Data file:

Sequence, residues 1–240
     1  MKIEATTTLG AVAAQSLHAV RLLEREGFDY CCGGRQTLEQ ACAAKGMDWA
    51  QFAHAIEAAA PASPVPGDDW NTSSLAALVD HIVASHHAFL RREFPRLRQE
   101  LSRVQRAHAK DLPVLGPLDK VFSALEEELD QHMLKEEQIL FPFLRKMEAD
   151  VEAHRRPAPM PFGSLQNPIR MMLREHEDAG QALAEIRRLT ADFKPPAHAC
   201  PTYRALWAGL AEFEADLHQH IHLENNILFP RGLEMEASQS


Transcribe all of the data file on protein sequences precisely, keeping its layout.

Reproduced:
Sequence, residues 1–240
     1  MKIEATTTLG AVAAQSLHAV RLLEREGFDY CCGGRQTLEQ ACAAKGMDWA
    51  QFAHAIEAAA PASPVPGDDW NTSSLAALVD HIVASHHAFL RREFPRLRQE
   101  LSRVQRAHAK DLPVLGPLDK VFSALEEELD QHMLKEEQIL FPFLRKMEAD
   151  VEAHRRPAPM PFGSLQNPIR MMLREHEDAG QALAEIRRLT ADFKPPAHAC
   201  PTYRALWAGL AEFEADLHQH IHLENNILFP RGLEMEASQS